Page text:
[NEWS IN FOCUS] Property price cap hits the market
“If we knew that the government was going to regulate preconstruction sale prices, we would’ve canceled the project,” said Chung Geum-shik, head of a union of workers reconstructing an apartment complex in Dongdaemun in eastern Seoul. “A major loss is inevitable since we can’t just stop.”
The Dongdaemun reconstruction project is one of the 66 projects that already has the approval of the Seoul Metropolitan Government. For all the approved projects, a total of 68,000 units are being built.
Although the government did not disclose details of the newly implemented regulations, including the apartment projects that will be subject to the regulations or the exact level of capping, all of the projects in Seoul are likely to be candidates.
Under existing regulations, the government can impose a maximum cap on the sale prices if one of three conditions are met: preconstruction sale prices in the vicinity are rising at twice the consumer price index (CPI); more than five bids are received for each apartment (or more than 100 if the apartment is smaller than 85 square meters [915 square feet]); or if transaction volume for apartments is up more than 20 percent from a year earlier.
But under the new regulation, these conditions do not have to be met. A project simply has to be in an area designated as overheated by the government. At present, all 25 areas in Seoul have that designation plus six others elsewhere.
This is not the first time the Korean government has placed a maximum cap on preconstruction sales prices.
It was first introduced during the Roh Moo-hyun administration in the third quarter of 2007, when President Moon Jae-in was serving as the Blue House chief of staff. Housing prices especially in Seoul were rising at an alarming rate. Between 2000 and 2006, Seoul apartment prices were up 13.6 percent on average a year.
But between 2007 and 2014, apartment prices in Seoul grew on average 1.1 percent a year.
Price regulations were eased in 2015 as the real estate market struggled amid tough regulations and as the global markets stagnated. While there were moves to abolish the price regulations, flexible conditions were instead adopted.
The Ministry of Land, Infrastructure and Transport expects that the new price limit rules will help lower preconstruction sale prices by 20 to 30 percent. Additionally, it sees these measures having a ripple effect.
“Reconstruction projects in areas designated as overheated, such as Seoul, Gwacheon and Gwangmyeong [in Geyonggi], will inevitable see their prices weaken,” said Park Won-gap, head real estate research at KB Koomin Bank.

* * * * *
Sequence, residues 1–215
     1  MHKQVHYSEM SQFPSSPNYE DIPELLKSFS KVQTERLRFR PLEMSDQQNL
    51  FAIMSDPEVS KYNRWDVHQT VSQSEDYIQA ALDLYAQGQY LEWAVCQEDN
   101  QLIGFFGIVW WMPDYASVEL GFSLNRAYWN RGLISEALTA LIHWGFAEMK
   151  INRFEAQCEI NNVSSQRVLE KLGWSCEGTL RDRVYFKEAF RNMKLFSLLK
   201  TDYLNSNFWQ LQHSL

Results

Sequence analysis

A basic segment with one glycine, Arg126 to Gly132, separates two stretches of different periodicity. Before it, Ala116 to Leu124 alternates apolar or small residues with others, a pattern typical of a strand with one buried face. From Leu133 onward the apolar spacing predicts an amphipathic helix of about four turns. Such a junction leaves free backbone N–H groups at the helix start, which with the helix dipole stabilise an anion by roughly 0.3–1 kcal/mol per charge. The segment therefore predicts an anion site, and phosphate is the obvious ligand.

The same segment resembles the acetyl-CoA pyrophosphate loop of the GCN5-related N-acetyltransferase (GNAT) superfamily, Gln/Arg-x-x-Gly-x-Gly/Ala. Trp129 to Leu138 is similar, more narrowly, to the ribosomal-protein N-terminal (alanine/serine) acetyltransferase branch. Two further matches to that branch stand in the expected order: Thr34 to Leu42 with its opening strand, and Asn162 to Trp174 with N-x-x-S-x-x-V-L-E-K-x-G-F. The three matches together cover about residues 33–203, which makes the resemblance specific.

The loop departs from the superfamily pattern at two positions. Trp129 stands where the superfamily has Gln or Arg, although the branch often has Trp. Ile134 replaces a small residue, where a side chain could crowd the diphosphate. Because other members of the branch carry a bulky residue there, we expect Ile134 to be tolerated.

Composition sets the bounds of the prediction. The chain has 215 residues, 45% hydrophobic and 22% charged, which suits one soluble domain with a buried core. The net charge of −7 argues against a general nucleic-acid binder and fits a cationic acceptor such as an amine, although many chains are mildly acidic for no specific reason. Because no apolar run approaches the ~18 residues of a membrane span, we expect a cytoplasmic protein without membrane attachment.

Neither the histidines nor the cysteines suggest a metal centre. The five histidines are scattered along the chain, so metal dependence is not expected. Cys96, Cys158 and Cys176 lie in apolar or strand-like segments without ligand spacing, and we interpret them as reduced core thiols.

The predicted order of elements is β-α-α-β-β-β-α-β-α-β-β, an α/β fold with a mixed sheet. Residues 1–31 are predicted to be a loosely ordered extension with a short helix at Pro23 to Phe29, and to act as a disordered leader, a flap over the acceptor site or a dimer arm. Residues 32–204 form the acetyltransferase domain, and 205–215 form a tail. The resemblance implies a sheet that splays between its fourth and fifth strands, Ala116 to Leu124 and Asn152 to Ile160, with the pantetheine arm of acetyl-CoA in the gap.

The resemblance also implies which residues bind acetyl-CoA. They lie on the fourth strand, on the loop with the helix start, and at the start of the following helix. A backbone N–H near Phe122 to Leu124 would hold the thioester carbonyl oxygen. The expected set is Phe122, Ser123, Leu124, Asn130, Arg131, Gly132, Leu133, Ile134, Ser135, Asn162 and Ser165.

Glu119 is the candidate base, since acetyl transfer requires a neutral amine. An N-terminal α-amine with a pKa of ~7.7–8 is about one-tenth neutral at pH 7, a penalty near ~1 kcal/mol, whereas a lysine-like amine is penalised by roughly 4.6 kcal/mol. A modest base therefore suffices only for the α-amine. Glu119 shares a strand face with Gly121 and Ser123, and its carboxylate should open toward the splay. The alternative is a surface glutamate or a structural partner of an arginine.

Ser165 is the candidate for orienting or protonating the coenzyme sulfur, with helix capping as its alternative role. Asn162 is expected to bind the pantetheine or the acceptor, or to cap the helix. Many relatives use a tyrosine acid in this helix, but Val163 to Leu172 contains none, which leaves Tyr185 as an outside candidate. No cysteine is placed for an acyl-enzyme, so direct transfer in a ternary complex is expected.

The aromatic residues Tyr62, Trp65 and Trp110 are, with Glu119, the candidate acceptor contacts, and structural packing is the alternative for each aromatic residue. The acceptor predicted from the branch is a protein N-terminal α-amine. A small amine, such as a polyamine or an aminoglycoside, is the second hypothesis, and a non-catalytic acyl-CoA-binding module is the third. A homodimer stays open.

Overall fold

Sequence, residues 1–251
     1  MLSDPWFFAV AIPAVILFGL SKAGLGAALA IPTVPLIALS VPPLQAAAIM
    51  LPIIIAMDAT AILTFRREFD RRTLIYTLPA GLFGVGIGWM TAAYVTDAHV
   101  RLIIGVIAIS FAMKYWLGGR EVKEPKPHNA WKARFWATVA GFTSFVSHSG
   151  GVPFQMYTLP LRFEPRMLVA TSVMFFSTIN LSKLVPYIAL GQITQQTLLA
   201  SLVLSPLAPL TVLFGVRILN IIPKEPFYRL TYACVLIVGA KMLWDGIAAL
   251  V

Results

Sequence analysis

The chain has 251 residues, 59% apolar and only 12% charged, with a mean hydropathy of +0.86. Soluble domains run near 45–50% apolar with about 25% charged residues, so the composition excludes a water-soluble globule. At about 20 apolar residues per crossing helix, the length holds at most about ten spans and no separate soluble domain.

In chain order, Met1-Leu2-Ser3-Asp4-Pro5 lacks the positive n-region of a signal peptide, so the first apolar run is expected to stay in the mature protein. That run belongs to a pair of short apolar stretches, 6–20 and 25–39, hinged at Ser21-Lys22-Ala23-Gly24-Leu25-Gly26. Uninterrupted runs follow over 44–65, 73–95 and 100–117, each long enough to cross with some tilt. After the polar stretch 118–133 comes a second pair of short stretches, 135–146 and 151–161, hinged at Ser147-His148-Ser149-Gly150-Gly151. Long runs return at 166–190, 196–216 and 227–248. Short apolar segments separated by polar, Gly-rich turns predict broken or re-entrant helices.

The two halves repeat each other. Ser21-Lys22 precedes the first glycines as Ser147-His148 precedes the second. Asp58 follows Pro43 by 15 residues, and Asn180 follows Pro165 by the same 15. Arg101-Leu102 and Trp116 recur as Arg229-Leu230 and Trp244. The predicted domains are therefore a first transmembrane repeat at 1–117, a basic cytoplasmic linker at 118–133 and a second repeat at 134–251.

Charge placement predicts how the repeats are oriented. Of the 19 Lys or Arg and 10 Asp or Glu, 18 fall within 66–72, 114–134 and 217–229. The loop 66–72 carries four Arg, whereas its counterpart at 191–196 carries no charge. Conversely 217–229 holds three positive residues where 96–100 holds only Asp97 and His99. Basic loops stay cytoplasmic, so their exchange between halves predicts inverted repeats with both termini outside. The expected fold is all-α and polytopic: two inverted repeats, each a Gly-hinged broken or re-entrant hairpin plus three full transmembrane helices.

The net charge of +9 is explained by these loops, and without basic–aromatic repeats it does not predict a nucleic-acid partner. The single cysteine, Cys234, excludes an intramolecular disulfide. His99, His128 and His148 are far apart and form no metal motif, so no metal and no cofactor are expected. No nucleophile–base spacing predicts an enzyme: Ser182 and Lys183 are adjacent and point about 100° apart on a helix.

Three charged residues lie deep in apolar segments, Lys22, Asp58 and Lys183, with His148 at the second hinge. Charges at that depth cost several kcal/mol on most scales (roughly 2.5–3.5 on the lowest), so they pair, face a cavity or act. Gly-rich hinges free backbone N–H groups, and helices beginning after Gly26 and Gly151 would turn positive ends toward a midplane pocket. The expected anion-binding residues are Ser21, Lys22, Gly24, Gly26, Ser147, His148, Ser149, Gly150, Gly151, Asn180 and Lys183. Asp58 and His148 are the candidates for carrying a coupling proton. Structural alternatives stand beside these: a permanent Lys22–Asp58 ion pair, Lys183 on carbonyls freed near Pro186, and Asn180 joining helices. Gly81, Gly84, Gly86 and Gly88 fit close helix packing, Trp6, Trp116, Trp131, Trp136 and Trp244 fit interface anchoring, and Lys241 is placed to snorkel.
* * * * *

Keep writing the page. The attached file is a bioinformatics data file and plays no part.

Land Minister Kim Hyun-mee last month first raised the possibility of toughening the price limit rules as preconstruction sales prices, especially for the reconstruction of apartments in Gangnam, have been rising at a fast pace this year despite the tough real estate regulations the Moon government employed since the beginning of this administration.
According to the Korea Housing and Urban Guarantee Corp., preconstruction sale prices this year through June on average rose 12.7 percent from 10.38 million won per 3.3 square meters to 11.70 million won. In Seoul during the same period, prices rose 22 percent, from 21.89 million won for the same space to 26.78 million won.
In June, nationwide prices rose an average of 9.6 percent on year, while Seoul’s rose 21 percent. Consumer prices for the whole county only grew 0.7 percent during that period. In Seoul, they rose at 0.9 percent.
The changes are expected to increase the burden on homeowners whose apartments are approved or are currently in process of reconstruction.
A construction company recently notified the union of an apartment complex in Gangnam that each homeowner in the reconstruction apartment complex will have to pay an additional 100 million won once the maximum limit on price is imposed.
This is because the construction costs financed through selling the newly added units to new customers will shrink. Some unions are threatening legal action, citing a clear violation of personal property rights.
Experts raise concerns that in the long run, the policy will have the opposite effect, leading to an increase in prices.
“The government could control the preconstruction sale prices with the regulation [for now],” said Kim Deok-rye, head of the housing policy research department at Korea Housing Institute.
“But in five years, it could put pressure on apartment prices to go up due to a reduction in new housing supply.”
Some raise the possibility that those who have moved out of Seoul could return to the capital due to various policies adopted by the current administration, including the shutting of some autonomous private high schools.
The education policy changes are expected to increase the number of people relocating to Gangnam, which is well known for its competitive education. The 50-percent tax on apartments increasing in value more than 30 million won after reconstruction, reapplied since last year, is expected to add to a further reduction in the housing supply.
The shortage of apartments in Seoul is expected to result in an increase in the price of apartments.
There are also questions as to whether the recent regulation will be effective, since the housing market between 2007 and 2014 was weak due to global economic conditions.
“For the time being, new apartment projects in the overheated areas including Seoul will be unlikely,” said Kim Deok-rye.
BY LEE HO-JEONG, KIM MIN-JOONG [firstname.lastname@example.org]